EyktOld Norse Dictionary - eykt
Meaning of Old Norse word "eykt" in English.
As defined by the Cleasby & Vigfusson Old Norse to English dictionary:
eykt Old Norse word can mean:
- eykð, f. three or half-past three o’clock P. m.; many commentaries have been written upon this word, as by Pal Vídalín Skýr., Finn Johnson in H. E. i. 153 sqq. note 6, and in Horologium, etc. The time of eykð is clearly defined in K. Þ. K. 92 as the time when the sun has past two parts of the ‘útsuðr’ (q. v.) and has one part left, that is to say, half-past three o’clock P. m.: it thus nearly coincides with the eccl. Lat. nona (three o’clock P. m.); and both eykt and nona are therefore used indiscriminately in some passageS. Sunset at the time of ‘eykð’ is opposed to sunrise at the time of ‘dagmál,’ q. v. In Norway ‘ykt’ means a luncheon taken about half-past three o’clock. But the passage in Edda—that autumn ends and winter begins at sunset at the time of eykt—confounded the commentators, who believed it to refer to the conventional Icel. winter, which (in the old style) begins with the middle of October, and lasts six monthS. In the latitude of Reykholt—the residence of Snorri—the sun at this time sets about half-past four. Upon this statement the commentators have based their reasoning both in regard to dagmál and eykt, placing the eykt at half-past four P. m. and dagmál at half-past seven A. m., although this contradicts the definition of these terms in the law. The passage in Edda probably came from a foreign source, and refers not to the Icel. winter but to the astronomical winter, viz. the winter solstice or the shortest day; for sunset at half-past three is suited not to Icel., but to the latitude of Scotland and the southern parts of Scandinavia. The word is also curious from its bearing upon the discovery of America by the ancients, vide Fb. l. c. This sense (half-past three) is now obsolete in Icel., but eykt is in freq. use in the sense of trihorium, a time of three hours; whereas in the oldest Sagas no passage has been found bearing this sense,—the BS. i. 385, 446, and Hem. l. c. are of the 13th and 14th centurieS. In Norway ykt is freq. used metaph. of all the four meal times in the day, morning-ykt, midday-ykt, afternoon-ykt (or ykt proper), and even-ykt. In old MSS. (Grág., K. Þ. K., Hem., Heið. S.) this word is always spelt eykð or eykþ, shewing the root to be ‘auk’ with the fem. inflex. added; it probably first meant the eke-meal, answering to Engl. lunch, and thence came to mean the time of day at which this meal was taken. The eccl. law dilates upon the word, as the Sabbath was to begin at ‘hora nona;’ hence the phrase, eykt-helgr dagr (vide below). The word can have no relation to átta, eight, or átt, plaga coeli. At present Icel. say, at eykta-mótum, adv. at great intervals, once an eykt, once in three hours.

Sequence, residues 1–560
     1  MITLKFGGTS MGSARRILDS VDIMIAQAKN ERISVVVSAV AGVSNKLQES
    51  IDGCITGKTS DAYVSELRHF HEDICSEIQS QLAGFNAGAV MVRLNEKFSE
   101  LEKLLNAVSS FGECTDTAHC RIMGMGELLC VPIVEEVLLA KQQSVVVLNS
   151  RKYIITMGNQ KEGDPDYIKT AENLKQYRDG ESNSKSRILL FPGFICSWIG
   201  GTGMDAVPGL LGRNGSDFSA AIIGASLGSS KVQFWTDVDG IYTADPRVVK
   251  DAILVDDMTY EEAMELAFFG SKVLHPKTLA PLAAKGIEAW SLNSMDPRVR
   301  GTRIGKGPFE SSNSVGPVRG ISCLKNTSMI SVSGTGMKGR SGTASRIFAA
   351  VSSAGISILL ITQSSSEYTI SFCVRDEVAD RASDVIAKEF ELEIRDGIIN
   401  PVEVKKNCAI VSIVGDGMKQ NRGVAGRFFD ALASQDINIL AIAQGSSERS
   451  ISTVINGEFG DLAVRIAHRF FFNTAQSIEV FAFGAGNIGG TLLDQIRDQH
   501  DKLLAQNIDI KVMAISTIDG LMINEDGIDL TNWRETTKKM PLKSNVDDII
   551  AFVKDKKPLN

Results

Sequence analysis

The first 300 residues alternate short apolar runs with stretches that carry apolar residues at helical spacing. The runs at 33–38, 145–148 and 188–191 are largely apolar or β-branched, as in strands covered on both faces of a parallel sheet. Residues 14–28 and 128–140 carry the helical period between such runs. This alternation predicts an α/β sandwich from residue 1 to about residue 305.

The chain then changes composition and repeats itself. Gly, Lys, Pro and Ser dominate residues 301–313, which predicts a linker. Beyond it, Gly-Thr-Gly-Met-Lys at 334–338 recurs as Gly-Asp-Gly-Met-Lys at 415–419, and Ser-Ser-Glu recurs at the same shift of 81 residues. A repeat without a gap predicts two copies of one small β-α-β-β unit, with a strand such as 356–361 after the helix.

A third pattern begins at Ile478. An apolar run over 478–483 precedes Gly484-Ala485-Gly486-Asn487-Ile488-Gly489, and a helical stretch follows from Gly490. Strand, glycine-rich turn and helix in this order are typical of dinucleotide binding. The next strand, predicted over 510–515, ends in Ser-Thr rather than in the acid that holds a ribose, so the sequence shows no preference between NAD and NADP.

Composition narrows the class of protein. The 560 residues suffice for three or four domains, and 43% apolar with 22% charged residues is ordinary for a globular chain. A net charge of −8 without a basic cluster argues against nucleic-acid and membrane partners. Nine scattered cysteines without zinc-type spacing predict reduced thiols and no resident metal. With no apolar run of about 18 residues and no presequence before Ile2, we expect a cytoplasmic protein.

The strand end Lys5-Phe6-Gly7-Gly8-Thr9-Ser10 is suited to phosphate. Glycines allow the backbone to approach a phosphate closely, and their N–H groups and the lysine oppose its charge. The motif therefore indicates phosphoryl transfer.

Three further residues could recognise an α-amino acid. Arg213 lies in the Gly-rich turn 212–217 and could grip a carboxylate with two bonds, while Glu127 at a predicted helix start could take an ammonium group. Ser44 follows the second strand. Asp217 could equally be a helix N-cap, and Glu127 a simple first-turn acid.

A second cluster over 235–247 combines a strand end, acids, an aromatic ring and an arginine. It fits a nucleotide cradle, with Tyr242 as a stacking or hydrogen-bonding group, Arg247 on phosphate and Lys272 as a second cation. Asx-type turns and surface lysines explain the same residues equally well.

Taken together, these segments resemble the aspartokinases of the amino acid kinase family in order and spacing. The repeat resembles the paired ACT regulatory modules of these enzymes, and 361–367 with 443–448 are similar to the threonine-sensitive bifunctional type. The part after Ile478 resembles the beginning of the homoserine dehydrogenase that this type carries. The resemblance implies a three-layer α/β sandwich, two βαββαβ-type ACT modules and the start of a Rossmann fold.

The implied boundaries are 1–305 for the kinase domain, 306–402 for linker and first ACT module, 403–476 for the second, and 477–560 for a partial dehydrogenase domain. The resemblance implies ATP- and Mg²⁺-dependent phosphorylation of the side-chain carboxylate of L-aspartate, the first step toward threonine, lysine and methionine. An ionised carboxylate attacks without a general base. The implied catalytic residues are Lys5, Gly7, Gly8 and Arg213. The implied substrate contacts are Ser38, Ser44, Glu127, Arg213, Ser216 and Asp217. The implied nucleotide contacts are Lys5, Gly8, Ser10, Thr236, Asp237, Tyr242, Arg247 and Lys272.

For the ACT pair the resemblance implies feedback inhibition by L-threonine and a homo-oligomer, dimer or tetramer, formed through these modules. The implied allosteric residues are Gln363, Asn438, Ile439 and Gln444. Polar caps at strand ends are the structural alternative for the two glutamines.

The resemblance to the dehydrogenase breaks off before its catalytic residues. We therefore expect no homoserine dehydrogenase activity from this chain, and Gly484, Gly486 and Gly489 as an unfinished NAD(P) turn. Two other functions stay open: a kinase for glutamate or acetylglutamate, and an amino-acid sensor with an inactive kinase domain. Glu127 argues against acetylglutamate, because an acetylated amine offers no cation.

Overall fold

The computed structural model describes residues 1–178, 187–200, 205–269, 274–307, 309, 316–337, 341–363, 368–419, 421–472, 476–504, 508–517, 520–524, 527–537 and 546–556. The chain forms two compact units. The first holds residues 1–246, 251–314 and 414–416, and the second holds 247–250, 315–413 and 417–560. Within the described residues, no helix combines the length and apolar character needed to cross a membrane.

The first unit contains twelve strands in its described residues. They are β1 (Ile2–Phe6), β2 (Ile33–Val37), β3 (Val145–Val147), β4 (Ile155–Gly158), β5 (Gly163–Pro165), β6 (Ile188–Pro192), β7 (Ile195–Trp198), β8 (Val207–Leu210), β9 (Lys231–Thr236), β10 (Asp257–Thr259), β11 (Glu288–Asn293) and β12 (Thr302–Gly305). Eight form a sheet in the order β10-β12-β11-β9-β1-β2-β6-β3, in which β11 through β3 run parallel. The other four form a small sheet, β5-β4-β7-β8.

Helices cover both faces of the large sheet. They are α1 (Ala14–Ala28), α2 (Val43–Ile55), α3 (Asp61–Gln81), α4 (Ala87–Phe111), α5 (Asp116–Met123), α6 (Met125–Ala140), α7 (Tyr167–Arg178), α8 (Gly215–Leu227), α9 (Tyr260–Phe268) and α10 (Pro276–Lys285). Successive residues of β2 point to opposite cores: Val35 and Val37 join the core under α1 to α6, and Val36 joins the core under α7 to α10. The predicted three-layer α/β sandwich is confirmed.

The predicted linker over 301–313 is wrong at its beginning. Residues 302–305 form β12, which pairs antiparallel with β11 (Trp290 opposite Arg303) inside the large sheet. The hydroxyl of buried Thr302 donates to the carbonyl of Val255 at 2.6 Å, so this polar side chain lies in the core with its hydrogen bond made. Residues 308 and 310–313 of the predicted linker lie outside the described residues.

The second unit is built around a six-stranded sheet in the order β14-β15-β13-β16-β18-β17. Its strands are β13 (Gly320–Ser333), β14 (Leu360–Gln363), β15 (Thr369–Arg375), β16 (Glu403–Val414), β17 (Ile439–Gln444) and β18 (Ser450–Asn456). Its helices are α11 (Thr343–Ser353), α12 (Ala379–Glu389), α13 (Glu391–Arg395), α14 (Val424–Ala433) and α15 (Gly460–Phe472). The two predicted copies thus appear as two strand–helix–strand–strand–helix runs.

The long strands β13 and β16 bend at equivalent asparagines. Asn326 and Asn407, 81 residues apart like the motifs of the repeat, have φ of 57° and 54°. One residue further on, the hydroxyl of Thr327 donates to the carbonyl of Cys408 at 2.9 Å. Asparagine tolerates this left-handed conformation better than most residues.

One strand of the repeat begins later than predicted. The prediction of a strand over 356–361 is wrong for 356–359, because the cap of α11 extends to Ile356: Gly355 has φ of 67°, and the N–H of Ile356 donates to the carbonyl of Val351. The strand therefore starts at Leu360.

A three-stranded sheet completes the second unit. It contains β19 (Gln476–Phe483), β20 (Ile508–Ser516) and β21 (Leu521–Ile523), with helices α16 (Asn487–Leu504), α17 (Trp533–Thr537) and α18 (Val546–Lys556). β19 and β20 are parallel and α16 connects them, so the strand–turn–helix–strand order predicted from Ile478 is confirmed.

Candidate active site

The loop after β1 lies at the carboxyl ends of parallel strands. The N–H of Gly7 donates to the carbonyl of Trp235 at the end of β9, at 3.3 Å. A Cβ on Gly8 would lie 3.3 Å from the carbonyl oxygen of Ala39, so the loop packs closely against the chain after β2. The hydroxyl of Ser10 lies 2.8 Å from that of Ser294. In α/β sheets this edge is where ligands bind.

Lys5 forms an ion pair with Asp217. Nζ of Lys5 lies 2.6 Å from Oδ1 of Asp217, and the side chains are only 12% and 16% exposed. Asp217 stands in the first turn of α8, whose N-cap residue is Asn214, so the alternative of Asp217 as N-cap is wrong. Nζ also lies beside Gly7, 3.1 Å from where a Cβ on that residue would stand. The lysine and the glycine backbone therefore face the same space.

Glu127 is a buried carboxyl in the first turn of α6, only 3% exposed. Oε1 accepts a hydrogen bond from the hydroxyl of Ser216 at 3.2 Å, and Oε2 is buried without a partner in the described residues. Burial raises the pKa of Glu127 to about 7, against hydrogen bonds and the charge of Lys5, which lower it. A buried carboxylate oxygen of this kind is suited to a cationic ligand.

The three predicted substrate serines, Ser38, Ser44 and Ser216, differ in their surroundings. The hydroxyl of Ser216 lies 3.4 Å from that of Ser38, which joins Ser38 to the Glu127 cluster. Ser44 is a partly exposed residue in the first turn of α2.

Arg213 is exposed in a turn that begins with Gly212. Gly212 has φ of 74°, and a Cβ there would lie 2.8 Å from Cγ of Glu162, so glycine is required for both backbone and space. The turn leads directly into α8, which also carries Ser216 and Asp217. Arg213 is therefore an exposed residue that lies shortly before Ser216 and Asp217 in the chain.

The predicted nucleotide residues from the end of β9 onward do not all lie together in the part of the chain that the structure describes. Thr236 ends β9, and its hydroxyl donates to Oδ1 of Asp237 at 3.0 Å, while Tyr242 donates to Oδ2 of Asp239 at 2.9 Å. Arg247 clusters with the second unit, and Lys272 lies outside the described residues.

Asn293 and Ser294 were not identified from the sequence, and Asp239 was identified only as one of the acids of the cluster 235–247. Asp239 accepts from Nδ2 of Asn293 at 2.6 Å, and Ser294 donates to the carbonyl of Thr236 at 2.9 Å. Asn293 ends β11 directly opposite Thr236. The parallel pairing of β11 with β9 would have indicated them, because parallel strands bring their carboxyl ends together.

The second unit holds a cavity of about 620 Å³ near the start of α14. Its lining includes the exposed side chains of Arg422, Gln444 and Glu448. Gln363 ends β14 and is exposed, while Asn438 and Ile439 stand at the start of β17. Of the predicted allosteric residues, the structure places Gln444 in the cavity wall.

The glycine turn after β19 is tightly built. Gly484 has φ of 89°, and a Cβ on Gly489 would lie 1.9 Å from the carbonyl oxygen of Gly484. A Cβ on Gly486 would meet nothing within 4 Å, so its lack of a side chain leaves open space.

- I. half-past three; þá er eykð er útsuðrs-átt er deild í þriðjunga, ok hefir sól gengna tvá hluti en einn ógenginn, K. Þ. K. 92; net skal öll upp taka fyrir eykð, 90; helgan dag eptir eykð, 88; ef þeir hafa unnit á eykð, 94; enda skal hann undan honum hafa boðit fyrir miðjan dag en hinn skal hafa kosit at eykþ, Grág. i. 198; ok á maðr kost at stefna fyrir eykþ ef vill, 395; í þat mund dags er tók út eyktina, FmS. xi. 136; eptir eykt dags, rendering of the Lat. ‘vix decima parte diei reliqua,’ Róm. 313; þeir gengu til eyktar, ok höfðu farit árla morguns, en er nón var dags, etc., FS. 176; at eykð dags þá kómu heim húskarlar Barða. Ísl. ii. 329; nú vættir mik at þar komi þér nær eykð dags, 345; var þat nær eykð dags, 349; var hón at veraldligu verki þangat til er kom eykð, þá fór hón til bænar sinnar at nóni, Hom. (St.) 59.
- COMPDS: eykðarhelgr, eyktarstaðr, eykðartíð.
- II. trihorium; en er liðin var nær ein eykt dags, BS. i. 446; at þat mundi verit hafa meir en hálf eykt, er hann vissi ekki til sín, 385; þessi flaug vanst um eina eykð dags, Hem. (Hb.)
Possible runic inscription in Younger Futhark:ᛁᚢᚴᛏ
Younger Futhark runes were used from 8th to 12th centuries in Scandinavia and their overseas settlements
- et cetera.
- frequent, frequently.
- Iceland, Icelander, Icelanders, Icelandic.
- l. c.
- loco citato.
- metaphorical, metaphorically.
- q. v.
- quod vide.
➞ See all works cited in the dictionary
Works & Authors cited:
- A. M.
- Biskupa Sögur. (D. III.)
- Edda. (C. I.)
- Flateyjar-bók (E. I.)
- Grágás. (B. I.)
- H. E.
- Historia Ecclesiastica Islandiae. (J. I.)
- Heið. S.
- Heiðarvíga Saga. (D. II.)
- Hemings-þáttr. (C. H.)
- K. Þ. K.
- Kristinn-réttr Þorláks ok Ketils = Kristinna-laga-þáttr. (B. I.)
- Fornmanna Sögur. (E. I.)
- Forn-sögur. (D. II.)
- Homiliu-bók. (F. II.)
- Rómverja Saga. (E. II.)
- Hauks-bók. (H. IV.)
Also available in related dictionaries:
This headword also appears in dictionaries of other languages descending from Old Norse.